Scott Daniels

The Eagles Will Soar With The Return Of Jason Peters

Created on Apr. 11, 2013 1:00 PM EST

When Jason Peters ruptured his Achilles tendon before the 2012 season, it was the beginning of a tumultuous year for the Philadelphia Eagles. Peters’ injury basically foreshadowed the team’s eventual downfall. The Eagles churned out a miserable product that resulted in 12 losses and a second consecutive year without even a shot at the playoffs. By the end of last season, the Eagles resembled a fallen empire whose leader was banished after years of ruling.

Was Peters to blame for the Eagles’ abysmal 2012 season? Of course not. And even if he stayed healthy, injuries to Todd Herremans and Jason Kelce crushed a promising offensive line that had very high expectations heading into 2012.

That being said, Peters was the star of this line and hands down one of the best left tackles in the NFL. Now that he's healthy, Peters is still is arguably the best tackle in the game.

If you really want to know how deeply missed Peters was, just ask Michael Vick and LeSean McCoy. In 2011, Peters gave up three sacks. That same year, McCoy averaged 4.8 yards a carry and reached the end zone 17 times. In 2012, McCoy saw his average drop to 4.2 yards per rush and only reached the end zone twice. His concussion problems last season made it feel like he missed a ton of games, but McCoy still played 12 games in 2012, compared to 15 in 2011. Peters was a major reason McCoy was so successful in 2011.

Entering the 2013 season, a healthy Peters brings hope and heavy expectations to a team with no real identity yet. At 6-foot-4, 340 pounds, Peters is a beast and will likely trim down to accommodate Chip Kelly’s speedy offense, but his impact will be felt immediately. He’ll be reclaiming his role at left tackle after King Dunlap and Demetress Bell embarrassed themselves on a weekly basis. Dunlap and Bell combined to give up seven sacks last year and more quarterback rushes than fraternity recruitment at Ohio State.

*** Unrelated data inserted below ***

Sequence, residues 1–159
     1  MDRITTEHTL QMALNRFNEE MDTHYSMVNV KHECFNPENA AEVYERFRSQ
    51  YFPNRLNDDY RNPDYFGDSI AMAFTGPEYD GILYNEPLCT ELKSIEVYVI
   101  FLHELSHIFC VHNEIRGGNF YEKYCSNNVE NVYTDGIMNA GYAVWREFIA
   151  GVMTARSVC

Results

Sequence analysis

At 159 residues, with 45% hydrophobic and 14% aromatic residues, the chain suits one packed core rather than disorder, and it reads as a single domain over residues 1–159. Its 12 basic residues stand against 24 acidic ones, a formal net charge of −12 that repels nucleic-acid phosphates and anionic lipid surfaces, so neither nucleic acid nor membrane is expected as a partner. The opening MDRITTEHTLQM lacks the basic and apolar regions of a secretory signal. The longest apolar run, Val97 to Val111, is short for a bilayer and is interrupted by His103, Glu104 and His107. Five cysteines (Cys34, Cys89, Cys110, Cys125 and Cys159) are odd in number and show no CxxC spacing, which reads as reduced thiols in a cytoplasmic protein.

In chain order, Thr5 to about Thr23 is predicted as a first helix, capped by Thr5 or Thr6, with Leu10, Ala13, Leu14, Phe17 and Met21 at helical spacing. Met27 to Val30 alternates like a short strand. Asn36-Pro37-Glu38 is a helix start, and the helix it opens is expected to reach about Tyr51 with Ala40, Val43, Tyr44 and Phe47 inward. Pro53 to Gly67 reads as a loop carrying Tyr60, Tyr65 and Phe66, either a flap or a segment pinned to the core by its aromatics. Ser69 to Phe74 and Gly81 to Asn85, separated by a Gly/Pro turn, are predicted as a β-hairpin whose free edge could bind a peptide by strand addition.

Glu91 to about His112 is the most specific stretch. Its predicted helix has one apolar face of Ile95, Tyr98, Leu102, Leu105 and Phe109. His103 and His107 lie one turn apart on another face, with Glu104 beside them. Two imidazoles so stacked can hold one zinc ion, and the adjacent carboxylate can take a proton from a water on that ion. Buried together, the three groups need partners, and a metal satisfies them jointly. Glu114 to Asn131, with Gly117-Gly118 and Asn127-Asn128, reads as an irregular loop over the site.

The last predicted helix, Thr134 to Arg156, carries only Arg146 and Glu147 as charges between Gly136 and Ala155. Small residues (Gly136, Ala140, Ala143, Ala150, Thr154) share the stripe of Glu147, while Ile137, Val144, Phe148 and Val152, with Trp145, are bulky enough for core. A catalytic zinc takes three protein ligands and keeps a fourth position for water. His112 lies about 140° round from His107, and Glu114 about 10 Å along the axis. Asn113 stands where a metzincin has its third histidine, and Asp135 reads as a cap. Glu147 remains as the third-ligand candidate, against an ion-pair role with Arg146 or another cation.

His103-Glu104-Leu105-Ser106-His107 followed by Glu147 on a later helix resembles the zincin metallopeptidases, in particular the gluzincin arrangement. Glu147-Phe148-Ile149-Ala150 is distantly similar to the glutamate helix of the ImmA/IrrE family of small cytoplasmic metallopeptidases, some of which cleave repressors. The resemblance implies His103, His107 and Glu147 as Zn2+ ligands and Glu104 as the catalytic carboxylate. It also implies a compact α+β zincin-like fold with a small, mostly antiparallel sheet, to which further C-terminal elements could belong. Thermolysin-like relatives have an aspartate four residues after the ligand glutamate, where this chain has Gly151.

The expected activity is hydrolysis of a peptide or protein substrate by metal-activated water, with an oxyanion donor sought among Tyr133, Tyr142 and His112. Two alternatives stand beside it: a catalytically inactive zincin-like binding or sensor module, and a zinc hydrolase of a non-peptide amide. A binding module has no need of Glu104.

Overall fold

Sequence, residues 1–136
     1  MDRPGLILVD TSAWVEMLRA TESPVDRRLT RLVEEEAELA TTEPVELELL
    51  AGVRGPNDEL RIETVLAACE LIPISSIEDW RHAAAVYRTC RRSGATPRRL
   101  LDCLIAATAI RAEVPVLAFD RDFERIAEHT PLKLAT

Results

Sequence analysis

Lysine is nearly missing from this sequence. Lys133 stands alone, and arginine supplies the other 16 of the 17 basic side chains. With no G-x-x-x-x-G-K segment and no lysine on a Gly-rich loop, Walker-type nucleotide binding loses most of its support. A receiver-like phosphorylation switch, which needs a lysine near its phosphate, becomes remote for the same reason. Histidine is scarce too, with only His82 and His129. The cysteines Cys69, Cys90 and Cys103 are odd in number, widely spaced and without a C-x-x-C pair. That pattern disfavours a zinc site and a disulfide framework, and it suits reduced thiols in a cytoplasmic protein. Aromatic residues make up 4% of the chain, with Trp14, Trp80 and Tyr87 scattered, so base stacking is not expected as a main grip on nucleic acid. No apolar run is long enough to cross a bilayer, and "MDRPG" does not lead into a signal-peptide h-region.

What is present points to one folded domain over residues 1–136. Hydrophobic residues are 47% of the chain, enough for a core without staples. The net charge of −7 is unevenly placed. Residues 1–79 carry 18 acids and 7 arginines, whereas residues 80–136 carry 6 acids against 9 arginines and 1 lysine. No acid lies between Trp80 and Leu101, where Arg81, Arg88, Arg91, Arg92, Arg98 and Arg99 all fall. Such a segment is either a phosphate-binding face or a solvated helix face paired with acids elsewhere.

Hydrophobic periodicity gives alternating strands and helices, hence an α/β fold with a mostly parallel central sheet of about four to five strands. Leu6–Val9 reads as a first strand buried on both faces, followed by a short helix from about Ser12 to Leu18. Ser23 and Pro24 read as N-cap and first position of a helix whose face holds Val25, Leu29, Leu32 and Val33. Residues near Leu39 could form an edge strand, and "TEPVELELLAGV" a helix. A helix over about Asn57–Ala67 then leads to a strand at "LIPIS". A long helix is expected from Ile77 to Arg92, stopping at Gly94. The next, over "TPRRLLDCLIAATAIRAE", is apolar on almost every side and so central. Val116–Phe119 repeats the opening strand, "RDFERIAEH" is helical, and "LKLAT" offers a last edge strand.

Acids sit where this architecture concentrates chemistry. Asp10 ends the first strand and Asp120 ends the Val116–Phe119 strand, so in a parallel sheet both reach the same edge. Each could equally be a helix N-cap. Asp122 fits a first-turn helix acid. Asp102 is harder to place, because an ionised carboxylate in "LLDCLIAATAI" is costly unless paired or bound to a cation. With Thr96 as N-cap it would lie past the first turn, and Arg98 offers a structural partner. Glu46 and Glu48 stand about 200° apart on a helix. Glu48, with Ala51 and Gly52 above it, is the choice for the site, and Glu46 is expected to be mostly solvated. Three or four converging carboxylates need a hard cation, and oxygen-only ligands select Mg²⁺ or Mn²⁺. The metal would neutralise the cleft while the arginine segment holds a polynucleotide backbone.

A healthy Peters, along with a fit Herremans and Kelce, should give whoever is playing quarterback for the Birds enough time to operate an offense. The Eagles appear to be going after an offensive lineman with their fourth selection in this year’s draft, but that shouldn’t affect Peters’ starting role. At 31 years old, Peters knows his career won’t last forever, but he still has a few solid years left.

It would actually be prudent for the Eagles to select a talented lineman because Peters’ impact on the Eagles transcends his ability on the field. Peters is a veteran in the NFL and plays his position at an extremely high level. He has phenomenal work ethic, and he’d be a tremendous mentor to a budding lineman.

Peters is slated to make $10.4 million this year and, assuming he stays healthy, he is pure value. A tenacious lineman with skill and athleticism like Peters is hard to come by. The Eagles are lucky to have him.